Degree Date


Document Type

Dissertation - Public Access

Degree Name

Psy.D. Doctor of Clinical Psychology

Academic Discipline

Clinical Psychology - Florida School of Professional Psychology

First Advisor

Elizabeth M. Lane, Ph.D.

Second Advisor

Tanisha Hill-Jarrett, Ph.D.

Third Advisor

Patricia Dixon, Psy.D.


Lifetime racism is a type of chronic stress that is often accompanied by depression. Racism is the experience of many Black men because of several psychosocial stressors such as reduced resources and institutional barriers, to name a few. Active coping is typically utilized by Black men as a consistent means to reduce the negative outcomes linked to racism, however, this up-tempo coping style can contribute to poor cardiovascular health and cognitive impairment over time. The present study aimed to provide data to support the effects of lifetime racism and active coping on cardiovascular health and cognition. There were three hypotheses formulated: (a) there would be a relationship between lifetime racism, depression, and subjective cognitive impairment (SCI), (b) there would be a relationship between lifetime racism and vascular burden score (VBS), and (c) VBS would mediate the relationship between lifetime racism, John Henryism Active Coping (JHAC), and SCI. A supplemental research question was investigated to determine if a possible relationship would exist between lifetime racism and objective cognition in a subset of 20 participants based on effect sizes. The overall sample included 75 Black American men selected from a parent study on stress and cognition. Results found no significant difference between lifetime racism, depression, and SCI or lifetime racism and VBS, which affected the outcome of the third hypothesis. Although the overall mediation analysis was not significant, the third step in the mediation process uncovered a significant relationship between JHAC and SCI. Current findings support active coping in Black men, which may be affecting cognition. It was also determined that no significant relationship exists between lifetime racism and objective cognition. However, the data provides a baseline for future researchers to utilize in developing neuropsychological profiles for Black men regarding stress and cognition research.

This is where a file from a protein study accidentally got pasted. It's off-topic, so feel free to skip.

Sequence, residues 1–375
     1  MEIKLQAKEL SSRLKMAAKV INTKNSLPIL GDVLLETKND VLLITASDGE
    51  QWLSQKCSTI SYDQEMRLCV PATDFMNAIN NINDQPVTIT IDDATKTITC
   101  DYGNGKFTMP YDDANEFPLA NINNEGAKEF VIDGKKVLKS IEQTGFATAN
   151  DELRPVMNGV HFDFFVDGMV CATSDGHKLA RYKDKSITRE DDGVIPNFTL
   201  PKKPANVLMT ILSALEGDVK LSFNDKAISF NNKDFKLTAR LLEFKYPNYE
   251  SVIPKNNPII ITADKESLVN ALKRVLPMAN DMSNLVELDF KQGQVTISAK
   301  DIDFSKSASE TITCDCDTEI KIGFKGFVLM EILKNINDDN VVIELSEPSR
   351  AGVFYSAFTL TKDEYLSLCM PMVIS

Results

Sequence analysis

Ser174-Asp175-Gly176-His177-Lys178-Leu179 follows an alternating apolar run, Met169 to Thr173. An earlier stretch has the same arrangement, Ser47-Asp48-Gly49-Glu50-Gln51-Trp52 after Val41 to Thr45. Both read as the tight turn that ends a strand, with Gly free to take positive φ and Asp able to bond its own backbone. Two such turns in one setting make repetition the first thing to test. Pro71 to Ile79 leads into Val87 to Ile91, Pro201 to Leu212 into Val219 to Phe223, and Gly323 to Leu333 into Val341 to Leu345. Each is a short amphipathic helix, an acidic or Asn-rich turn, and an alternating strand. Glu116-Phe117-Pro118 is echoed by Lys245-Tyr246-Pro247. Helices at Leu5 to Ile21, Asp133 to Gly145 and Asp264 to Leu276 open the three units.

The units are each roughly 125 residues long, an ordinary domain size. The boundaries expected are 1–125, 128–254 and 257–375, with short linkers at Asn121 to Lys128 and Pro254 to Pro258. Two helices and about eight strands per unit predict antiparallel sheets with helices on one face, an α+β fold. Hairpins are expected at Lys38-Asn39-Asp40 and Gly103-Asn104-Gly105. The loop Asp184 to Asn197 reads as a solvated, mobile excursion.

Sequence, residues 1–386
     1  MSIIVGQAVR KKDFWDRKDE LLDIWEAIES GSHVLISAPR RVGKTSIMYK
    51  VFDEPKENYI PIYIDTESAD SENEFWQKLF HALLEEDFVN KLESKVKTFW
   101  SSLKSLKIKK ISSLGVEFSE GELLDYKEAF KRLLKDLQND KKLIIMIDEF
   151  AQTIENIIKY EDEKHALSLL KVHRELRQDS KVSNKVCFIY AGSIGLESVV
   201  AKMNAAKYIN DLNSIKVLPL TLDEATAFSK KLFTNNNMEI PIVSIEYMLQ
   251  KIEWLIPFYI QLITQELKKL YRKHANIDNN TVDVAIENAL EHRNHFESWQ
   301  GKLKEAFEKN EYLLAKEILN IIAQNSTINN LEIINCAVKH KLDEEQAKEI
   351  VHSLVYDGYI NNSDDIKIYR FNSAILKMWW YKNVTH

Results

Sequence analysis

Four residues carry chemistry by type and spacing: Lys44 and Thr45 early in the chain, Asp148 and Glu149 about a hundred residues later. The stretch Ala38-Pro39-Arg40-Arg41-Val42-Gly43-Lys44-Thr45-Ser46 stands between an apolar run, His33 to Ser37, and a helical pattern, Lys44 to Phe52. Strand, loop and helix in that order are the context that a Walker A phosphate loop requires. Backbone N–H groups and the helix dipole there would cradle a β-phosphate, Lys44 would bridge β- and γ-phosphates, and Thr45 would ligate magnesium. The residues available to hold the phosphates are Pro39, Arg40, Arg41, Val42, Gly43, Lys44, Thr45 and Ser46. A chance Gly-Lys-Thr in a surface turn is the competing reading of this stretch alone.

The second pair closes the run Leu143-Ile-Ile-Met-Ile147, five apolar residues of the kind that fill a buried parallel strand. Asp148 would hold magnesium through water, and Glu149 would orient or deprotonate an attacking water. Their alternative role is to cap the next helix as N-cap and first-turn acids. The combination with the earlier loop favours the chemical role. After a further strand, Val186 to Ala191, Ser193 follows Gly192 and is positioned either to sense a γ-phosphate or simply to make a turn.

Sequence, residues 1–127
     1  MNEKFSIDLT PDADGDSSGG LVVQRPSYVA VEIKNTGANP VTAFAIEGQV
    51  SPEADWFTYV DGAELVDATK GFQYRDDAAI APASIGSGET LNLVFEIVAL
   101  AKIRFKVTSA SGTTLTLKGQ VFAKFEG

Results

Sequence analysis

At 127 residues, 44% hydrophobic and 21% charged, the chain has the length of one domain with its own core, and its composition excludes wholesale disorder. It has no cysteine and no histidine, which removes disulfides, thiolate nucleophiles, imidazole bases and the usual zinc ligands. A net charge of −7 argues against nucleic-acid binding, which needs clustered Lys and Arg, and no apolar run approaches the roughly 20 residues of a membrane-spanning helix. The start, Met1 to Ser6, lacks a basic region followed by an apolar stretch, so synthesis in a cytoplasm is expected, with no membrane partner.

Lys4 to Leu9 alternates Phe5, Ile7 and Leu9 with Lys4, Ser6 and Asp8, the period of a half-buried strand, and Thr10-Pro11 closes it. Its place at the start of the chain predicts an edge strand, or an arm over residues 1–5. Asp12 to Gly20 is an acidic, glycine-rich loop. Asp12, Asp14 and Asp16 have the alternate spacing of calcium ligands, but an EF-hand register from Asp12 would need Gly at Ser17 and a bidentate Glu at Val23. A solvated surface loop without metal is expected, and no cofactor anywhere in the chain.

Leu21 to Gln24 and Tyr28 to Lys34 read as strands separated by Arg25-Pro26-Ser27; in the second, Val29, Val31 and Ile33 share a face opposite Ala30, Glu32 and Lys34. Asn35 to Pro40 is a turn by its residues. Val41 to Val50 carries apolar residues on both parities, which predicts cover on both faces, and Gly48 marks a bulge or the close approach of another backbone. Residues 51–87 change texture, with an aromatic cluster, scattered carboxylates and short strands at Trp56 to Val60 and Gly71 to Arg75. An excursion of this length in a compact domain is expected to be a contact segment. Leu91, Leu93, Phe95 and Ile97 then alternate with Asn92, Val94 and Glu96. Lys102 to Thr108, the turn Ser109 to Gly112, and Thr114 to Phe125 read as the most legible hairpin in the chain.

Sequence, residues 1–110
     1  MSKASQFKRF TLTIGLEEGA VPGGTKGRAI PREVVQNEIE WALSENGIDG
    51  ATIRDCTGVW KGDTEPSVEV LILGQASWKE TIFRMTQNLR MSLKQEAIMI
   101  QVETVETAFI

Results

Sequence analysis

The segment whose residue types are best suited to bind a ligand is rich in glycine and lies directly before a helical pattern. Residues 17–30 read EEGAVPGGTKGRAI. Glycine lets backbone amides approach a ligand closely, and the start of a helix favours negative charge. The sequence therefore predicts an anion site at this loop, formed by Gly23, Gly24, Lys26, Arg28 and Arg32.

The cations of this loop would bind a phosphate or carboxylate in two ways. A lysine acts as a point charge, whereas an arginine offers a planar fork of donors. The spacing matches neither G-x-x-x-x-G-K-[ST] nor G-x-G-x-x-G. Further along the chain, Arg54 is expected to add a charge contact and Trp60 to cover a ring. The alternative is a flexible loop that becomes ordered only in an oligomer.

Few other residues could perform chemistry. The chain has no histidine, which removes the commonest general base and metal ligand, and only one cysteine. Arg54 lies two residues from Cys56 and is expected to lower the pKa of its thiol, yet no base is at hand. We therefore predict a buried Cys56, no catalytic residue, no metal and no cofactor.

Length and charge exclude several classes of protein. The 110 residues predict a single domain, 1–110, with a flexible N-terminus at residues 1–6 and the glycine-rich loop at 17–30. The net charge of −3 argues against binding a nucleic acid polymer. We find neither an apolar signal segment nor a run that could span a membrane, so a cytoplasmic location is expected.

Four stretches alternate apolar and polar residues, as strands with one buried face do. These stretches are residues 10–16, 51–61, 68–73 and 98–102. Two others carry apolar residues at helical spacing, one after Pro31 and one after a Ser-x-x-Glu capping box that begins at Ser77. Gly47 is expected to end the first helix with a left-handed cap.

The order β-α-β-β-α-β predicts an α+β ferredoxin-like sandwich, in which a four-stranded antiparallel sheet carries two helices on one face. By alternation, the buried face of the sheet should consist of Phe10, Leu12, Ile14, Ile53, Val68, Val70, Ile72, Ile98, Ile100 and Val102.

Data collection and sharing for this project were funded by the University of South Florida Research & Innovation Internal Awards Program under Grant No. 0147451. This study is being led by Tanisha Hill-Jarrett, Ph.D., who is a neuropsychologist and Assistant Professor at the University of South Florida. This person is called the Principal Investigator of the original study No. 000984 Psychosocial Stress, Coping & Cognitive Outcomes: Gender Differences Among Black Men & Women. Dr. Tanisha Hill-Jarrett permitted data to be used in this clinical research project.